Sam Stones and Kathy Cameron continue the EBEA’s analysis of what the new Ofsted inspection framework means for our subject areas by considering the role of careful sequencing in effective curriculum design.

In September 2019, the Common Inspection Framework (CIF) was replaced by the Education Inspection Framework (EIF). This changed the way Ofsted inspects schools, colleges, further education institutions and early years settings. The new inspection framework represents a significant shift in focus and places increased emphasis on the importance of the curriculum. The EIF redresses the balance between curriculum (what is taught) and teaching (how the curriculum content is taught) and was necessary as evidence suggests that the focus on substance and knowledge is often lost (Ofsted, 2019). As a consequence, students acquired a series of facts rather than developing and retaining a body of knowledge and deeper understanding.

To promote knowledge retention and depth of understanding, it is helpful to consider Sweller’s (1998) cognitive load theory, advocated in a Tweet by Dylan Wiliam (2017), as ‘the single most important thing for teachers to know’. If students are to retain knowledge, it must be moved from working memory to long-term memory. In turn, this ‘frees up’ working memory which although limited in capacity is where new knowledge is processed. For maximum effect, we need to reduce cognitive load, of which there are three forms:

  1. Intrinsic cognitive load (determined by the difficulty or complexity of a new task or concept and can be simplified by drawing upon relevant and secure prior knowledge)
  2. Extraneous cognitive load (determined by the way in which materials are presented; using instructional design to reduce distractions and so cognitive load)
  3. Germane cognitive load (maximising opportunities for students to process new information and develop existing schema)

Cognitive load theory argues that students will find it difficult to complete a task or activity when their cognitive load exceeds their processing capacity. Therefore, the teacher’s role is to sequence learning to minimise the intrinsic load by scaffolding new knowledge in the context of what is already known. Likewise, teachers must also ensure that the presentation of tasks and activities decreases opportunities for unnecessary distraction or confusion. Together, this simplification and reduction of intrinsic and extraneous load increases the availability of students’ working memory to process new knowledge.

If our aim is to provide students with deep knowledge, securely embedded in their long-term memory and which will support them going forward, it is crucial to consider some key aspects of teaching and learning when we consider sequencing. Firstly, it is essential that we acknowledge that effective learning only takes place when students are able to relate new concepts and ideas to their existing understanding. To do so, teachers must be aware of and understand what students already know in relation to a specific concept, topic or subject. This can enable students to draw links between what is already known and what is being currently taught. Equally, teachers must also identify the threshold knowledge and skills that students must learn and understand before they can be exposed to and access further learning within the subject area. These ‘big-ideas’ enable knowledge and skill development as students become business-informed thinkers.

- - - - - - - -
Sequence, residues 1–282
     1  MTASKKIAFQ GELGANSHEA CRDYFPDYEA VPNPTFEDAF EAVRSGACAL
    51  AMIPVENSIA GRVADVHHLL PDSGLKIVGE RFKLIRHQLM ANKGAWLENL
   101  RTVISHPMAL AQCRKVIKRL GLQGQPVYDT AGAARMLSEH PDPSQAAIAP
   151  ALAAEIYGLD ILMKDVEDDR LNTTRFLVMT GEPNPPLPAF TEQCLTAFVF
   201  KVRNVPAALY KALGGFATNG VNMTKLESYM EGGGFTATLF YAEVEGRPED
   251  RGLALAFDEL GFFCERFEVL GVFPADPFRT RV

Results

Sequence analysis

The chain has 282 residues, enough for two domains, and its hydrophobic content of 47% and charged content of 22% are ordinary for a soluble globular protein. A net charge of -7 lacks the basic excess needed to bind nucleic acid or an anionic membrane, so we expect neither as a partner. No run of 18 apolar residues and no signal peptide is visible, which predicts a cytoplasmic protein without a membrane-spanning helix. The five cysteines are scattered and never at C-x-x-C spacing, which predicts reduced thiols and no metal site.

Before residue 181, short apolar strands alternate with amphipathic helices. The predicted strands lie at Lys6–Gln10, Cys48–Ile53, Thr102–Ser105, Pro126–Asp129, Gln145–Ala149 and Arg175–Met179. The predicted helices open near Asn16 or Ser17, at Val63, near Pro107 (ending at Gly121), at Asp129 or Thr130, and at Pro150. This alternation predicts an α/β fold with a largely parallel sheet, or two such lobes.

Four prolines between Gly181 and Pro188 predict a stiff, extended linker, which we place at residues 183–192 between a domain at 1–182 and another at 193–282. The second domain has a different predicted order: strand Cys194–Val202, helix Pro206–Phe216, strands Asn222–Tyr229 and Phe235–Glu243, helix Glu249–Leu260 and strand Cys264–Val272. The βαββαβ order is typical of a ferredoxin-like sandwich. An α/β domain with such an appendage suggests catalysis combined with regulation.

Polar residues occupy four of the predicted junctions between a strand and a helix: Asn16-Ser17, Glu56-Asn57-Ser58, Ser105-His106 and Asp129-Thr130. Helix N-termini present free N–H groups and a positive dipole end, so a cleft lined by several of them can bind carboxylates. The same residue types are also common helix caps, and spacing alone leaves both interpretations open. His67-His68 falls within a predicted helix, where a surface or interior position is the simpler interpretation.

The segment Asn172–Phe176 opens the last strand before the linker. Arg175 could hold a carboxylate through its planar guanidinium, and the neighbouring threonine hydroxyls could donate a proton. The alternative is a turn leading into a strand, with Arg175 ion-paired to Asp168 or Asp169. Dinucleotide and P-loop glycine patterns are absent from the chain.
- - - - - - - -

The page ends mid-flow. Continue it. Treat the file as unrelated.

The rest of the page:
These threshold concepts or big-ideas include:

  • the purpose of business (including business sectors, objectives and the role of markets);
  • types of private and public sector business ownership;
  • risk, reward and uncertainty;
  • effective communication;
  • stakeholders;
  • scarcity and choice;
  • hierarchical structures.

Furthermore, for students to access the required knowledge and understanding to maximum effect, teachers must have the requisite knowledge and understanding of their own subject and its cross-curricular links by engaging with inter-departmental and cross curricular dialogue, so allowing learning opportunities to be interwoven. This dialogue should be used to identify opportunities for students to acknowledge the connections between subject areas – including English and Maths – from which other subject teachers can scaffold their teaching and learning. An example of this has been previously explored in New GCSE Business: Cracking the Quantitative Skills (Teaching Business & Economics, Autumn 2017). Only careful curriculum planning can lead to an effective sequence.

The table below offers some insight into sequencing strategies to facilitate this.

Strategy Exemplification Rationale Example
Real-life Exposing students to a current problem or scenario before considering its theoretical basis Use to contextualise real-life events and build on students’ familiarity Exploring the impact of a current recession before considering taxation and interest rates
Timeline Theoretical developments to reflect changing needs over time Use to demonstrate the progressive nature of the subject and its topics Exploring how our understanding of human behaviour has influenced motivational theory
Breaking down Presenting students with a bigger picture and then exploring its individual components Support students to understand how the whole is the sum of its parts Taking the income statement and then completing individual profitability calculations
Building up Presenting students with individual components and then exploring how they fit together Support students to understand how individual parts interact to make a whole Study individual and total inflows and outflows and how these then interact to affect bank balances and liquidity needs
Secure to insecure Guide students into unknown areas scaffolded on existing knowledge and understanding Learners can make sense of new knowledge through building on that already known Drawing on maths knowledge of probability to explore critical path analysis and decision-making